11 October 2003

Yet another bibliographical entry has been added to the Etna reference list, this time it's an article about cycles and trends in the recent eruptive behavior of Mount Etna, written by Behncke and Neri. The eternally unfinished section dealing with magmatism and flank instability at Etna has been completed and thoroughly updated.

9 October 2003

More and updated information has been included on the page about magma storage at Etna, and the Etna reference list has been updated with new publications by myself and co-authors, and another interesting paper on magma reservoirs at Etna by Caracausi et al.

21 September 2003

The lists of historical eruptions of Mount Etna (before 1900 and since 1900) have been updated and revised, and a new paragraph about explosive flank eruptions has been added to the "Volcanic hazards at Mount Etna" page.

11 August 2003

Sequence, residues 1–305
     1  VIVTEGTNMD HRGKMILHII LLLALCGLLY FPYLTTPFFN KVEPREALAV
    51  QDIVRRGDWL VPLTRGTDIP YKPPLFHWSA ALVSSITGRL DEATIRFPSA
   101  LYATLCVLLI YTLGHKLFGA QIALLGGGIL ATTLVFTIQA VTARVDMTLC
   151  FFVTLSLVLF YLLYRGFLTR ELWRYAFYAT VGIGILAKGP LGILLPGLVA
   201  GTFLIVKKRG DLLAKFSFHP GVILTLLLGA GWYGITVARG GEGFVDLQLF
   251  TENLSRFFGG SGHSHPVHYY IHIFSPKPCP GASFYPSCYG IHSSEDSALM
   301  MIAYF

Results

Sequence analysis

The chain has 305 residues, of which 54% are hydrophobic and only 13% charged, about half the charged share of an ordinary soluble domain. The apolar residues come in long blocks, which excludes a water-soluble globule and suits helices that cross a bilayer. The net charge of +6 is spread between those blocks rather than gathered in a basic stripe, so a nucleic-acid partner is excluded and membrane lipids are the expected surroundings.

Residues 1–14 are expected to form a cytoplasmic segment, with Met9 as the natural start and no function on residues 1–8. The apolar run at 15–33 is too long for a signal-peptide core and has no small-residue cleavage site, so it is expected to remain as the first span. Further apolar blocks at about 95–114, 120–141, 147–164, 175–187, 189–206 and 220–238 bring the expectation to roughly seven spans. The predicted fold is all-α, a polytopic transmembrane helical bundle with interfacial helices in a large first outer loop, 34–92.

Further work on the Etna photo gallery and in the "oldies but goldies" section (that is, the inactive central Italian volcanoes) gives you the opportunity to (a) see the photographs I took in 2002, before the new eruption began on 27 October of that year; (b) take a look at the photos of the most recent visit to Etna's northern flank in late July 2003; (c) to learn a bit about the northermost of the volcanoes in central Italy, Monte Amiata (which is also the second tallest of Italy's volcanoes, at 1738 m). The information on the Amiata page has not changed since first written in 1997 (nothing new has been published on that volcano), but there are a few more photos and maps, and links to some (non-volcanological) internet resources. Furthermore, a few photos of a much older volcanic center lying next to Monte Amiata, Radicofani, have been posted, but information about this small but interesting feature has yet to be written on that page (or on a separate page).